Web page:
Minnehaha Creek task force delivers recommendations for better water flow, more aquatic life and less erosion
About a year ago, a group of citizens began to focus their energies on creating a vision of what Minnehaha Creek could be in the future. Would it be a wildlife habitat? A scenic hiking trail and urban canoe route? Would our modest creek be used as a storm sewer flushing rainwater and pollutants into the Mississippi River? Would it be an aquatic home to the beautiful (and tasty) freshwater fish found in teeming rivers?
The simple answers are yes, yes, yes and no. And, as usual, the devil is in the details.
The nine-member group, Citizens of the Watershed, is part of the larger, 23-member Minnehaha Creek Visioning Partnership that is crafting a vision to help determine how the 22-mile creek will be used for the next half century.
The Partnership is a collaboration of the five cities surrounding the creek (Minneapolis, Edina, St. Louis Park, Hopkins and Minnetonka), the Minneapolis Parks and Recreation Board, Hennepin County, the Minnehaha Creek Watershed District (MCWD) and the Army Corps of Engineers.
The citizens group includes Southwest's Judy Bridell, an active bird watcher and retired paralegal who is currently writing a children's book on schoolteacher Eloise Butler (of Eloise Butler Wildlife Garden and Bird Sanctuary fame).
The Armatage resident said her year's work with the group was well spent.
"This is government at its best," Bridell said. "[The Partnership] is a unit of government that is close to the citizens, it asks for citizens to speak up and express their opinions - and they were listening."
The citizens group made recommendations on creek flow rates (which influence recreation activities, stream bank erosion, flooding and habitat), area supervision around the creek, and possible dam and sediment removal.
The group decided that its highest priorities were, in order, to stem stream bank erosion, improve aquatic life and improve stream flow.
The group's recommendations to combat stream bank erosion - a problem throughout Southwest - were fairly broad-brush: use bank stabilization technologies incorporating vegetation over retaining walls and other artificial stabilization techniques.
To improve aquatic life, the group recommended that homeowners plant native plant species, discourage invasive species (including buckthorn and yellow iris) and improve wildlife habitat by establishing a more natural buffer around the creek.
The group also recommended considering that dams and weirs from approximately Minnetonka (near I-494) to Minnehaha Falls be removed to improve stream flow. Structures include Edina's Browndale Dam and 54th Street Weir and Minneapolis' Hiawatha Weir.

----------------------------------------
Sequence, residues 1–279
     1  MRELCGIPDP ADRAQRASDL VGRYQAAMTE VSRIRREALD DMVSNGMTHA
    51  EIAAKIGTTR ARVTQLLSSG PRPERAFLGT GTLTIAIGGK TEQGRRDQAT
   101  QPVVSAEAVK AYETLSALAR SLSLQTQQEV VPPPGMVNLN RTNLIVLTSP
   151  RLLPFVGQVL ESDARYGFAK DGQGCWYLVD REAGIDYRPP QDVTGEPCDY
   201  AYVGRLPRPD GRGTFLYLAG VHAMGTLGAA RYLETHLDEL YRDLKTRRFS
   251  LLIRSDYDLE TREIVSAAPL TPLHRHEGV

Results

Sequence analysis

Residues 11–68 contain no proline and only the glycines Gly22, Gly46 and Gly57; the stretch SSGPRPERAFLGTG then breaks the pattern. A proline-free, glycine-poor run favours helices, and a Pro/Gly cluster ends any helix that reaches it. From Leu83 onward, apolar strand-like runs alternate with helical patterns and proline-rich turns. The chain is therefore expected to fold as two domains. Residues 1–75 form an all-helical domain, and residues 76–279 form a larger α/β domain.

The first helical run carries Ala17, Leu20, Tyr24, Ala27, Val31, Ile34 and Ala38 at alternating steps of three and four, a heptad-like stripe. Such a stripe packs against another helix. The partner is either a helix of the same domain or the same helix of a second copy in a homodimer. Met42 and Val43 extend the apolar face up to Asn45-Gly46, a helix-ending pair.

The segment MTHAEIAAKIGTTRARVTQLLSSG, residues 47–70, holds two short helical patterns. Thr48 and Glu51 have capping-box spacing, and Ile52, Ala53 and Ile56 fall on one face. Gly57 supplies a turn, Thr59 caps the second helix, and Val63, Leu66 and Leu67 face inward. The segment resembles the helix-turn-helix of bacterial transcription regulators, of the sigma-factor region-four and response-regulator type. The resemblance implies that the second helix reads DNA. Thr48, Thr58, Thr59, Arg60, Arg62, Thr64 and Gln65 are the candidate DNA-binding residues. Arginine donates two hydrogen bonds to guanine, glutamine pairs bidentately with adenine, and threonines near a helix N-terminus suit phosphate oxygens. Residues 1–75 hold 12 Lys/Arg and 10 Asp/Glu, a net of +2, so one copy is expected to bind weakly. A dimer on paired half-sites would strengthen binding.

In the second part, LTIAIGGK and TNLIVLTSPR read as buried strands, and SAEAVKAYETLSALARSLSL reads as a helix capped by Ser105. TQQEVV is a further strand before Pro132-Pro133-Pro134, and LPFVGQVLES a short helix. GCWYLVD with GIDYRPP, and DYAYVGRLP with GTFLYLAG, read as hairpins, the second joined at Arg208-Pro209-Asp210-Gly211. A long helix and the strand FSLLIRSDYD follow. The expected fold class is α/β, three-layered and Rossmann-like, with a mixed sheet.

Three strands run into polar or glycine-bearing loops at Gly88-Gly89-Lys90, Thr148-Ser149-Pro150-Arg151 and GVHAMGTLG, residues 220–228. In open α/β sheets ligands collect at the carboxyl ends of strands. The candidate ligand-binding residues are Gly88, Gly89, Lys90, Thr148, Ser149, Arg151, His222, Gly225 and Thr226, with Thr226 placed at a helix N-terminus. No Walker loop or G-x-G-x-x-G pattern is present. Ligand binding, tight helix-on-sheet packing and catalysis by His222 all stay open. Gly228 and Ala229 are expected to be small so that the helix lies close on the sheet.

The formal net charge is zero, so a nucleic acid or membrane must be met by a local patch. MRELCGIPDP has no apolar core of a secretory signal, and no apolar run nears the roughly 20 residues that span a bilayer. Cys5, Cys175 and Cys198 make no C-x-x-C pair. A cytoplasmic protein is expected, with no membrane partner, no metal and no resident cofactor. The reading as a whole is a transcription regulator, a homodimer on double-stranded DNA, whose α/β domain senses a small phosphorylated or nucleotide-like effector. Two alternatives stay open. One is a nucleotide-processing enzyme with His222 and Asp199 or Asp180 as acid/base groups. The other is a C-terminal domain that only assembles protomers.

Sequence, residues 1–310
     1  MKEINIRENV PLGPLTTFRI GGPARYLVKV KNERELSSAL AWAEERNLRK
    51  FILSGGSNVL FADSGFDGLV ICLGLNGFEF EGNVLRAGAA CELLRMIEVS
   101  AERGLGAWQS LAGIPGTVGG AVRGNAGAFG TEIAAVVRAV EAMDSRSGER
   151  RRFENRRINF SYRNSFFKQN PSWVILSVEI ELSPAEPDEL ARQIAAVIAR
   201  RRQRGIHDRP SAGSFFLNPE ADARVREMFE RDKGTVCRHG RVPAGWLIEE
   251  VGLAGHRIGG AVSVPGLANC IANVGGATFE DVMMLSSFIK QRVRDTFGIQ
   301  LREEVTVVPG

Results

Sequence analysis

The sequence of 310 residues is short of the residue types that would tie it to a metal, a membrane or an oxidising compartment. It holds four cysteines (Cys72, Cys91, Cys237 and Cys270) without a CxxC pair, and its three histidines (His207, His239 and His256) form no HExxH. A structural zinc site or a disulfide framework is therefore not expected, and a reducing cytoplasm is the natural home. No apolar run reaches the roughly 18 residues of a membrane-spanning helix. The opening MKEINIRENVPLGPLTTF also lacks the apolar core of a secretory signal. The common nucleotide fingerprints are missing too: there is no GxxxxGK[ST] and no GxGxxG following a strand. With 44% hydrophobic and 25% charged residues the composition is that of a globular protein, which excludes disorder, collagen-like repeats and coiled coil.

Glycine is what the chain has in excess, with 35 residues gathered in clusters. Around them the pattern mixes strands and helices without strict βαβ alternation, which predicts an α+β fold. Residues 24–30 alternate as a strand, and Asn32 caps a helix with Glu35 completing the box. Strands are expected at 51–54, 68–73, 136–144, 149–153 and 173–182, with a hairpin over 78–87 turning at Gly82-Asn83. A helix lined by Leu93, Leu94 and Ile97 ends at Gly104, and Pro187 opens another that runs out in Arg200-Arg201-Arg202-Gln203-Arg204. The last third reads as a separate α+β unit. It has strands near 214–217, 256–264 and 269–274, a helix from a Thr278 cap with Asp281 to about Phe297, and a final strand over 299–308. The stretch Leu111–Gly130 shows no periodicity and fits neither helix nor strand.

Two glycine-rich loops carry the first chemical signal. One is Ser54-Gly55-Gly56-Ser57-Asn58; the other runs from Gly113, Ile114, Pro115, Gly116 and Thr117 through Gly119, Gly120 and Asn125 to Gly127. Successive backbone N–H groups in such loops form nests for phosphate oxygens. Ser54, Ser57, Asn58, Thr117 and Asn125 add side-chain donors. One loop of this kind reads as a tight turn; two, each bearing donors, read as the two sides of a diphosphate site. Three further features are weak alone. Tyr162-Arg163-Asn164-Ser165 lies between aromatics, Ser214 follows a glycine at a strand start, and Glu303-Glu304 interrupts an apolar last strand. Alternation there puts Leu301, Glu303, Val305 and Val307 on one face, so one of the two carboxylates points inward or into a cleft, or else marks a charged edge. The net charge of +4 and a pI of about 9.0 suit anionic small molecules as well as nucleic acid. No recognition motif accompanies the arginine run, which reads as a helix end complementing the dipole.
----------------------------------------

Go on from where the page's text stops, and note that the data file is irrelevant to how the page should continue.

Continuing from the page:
Said Bridell, "We didn't make any specific recommendations about a given dam, but what we did was develop a list of criteria for any decision," she said. "For example, we said that if a dam is going to be removed, it would have to be for a general public purpose. And the money spent should be commensurate with the benefit received."
Bridell said that she and others in the group were concerned about sediment build-up behind dams and weirs.
"The issue becomes should the sediment be removed, and if it should be, who should pay for having that done," she said.
Mike Wyatt, MCWD environmental planner, said it's very unlikely that the Browndale Dam would be removed. He said the historic significance of the 140-year-old flourmill dam would make it all but impossible to tear down, even if doing so would improve the creek's ecosystem.
Wyatt said that dredging of sediment from behind a dam or weir could be expected to cost "tens of thousands of dollars."
Selling the vision
Wyatt is going around to the five city councils involved, as well as the Hennepin County Board and the Park Board, urging them all to accept the Minnehaha Creek Visioning Partnership recommendations.
If all the governmental bodies adopt the proposed vision statement -perhaps by October - MCWD will use it as they and the Army Corps of Engineers explore restoring the creek's ecosystem with projects partly funded with federal dollars. (MCWD approved the vision Aug. 4.)
Wyatt said that a year ago, the Corps and MCWD wondered if aquatic ecosystem restoration was even possible in the Minneapolis section of Minnehaha Creek.
"You can treat the stream in different ways. If you want to manage it as an ecosystem, the approach you're going to take with your projects and programs is going to be much different than if you manage it as strictly a recreation resource," he said. "That initial question has been answered: yes, aquatic ecosystem restoration is something the citizens are interested in. Now, we have a blueprint for laying out an implementation plan. Now, what that implementation plan is going to look like is hard to say."
He said implementation depends on funding available.
But at least now, with Judy Bridell's vision forged with her peers, the Corps and MCWD have eyes with which they can see the creek, and the desires of the citizens who surround it, clearly.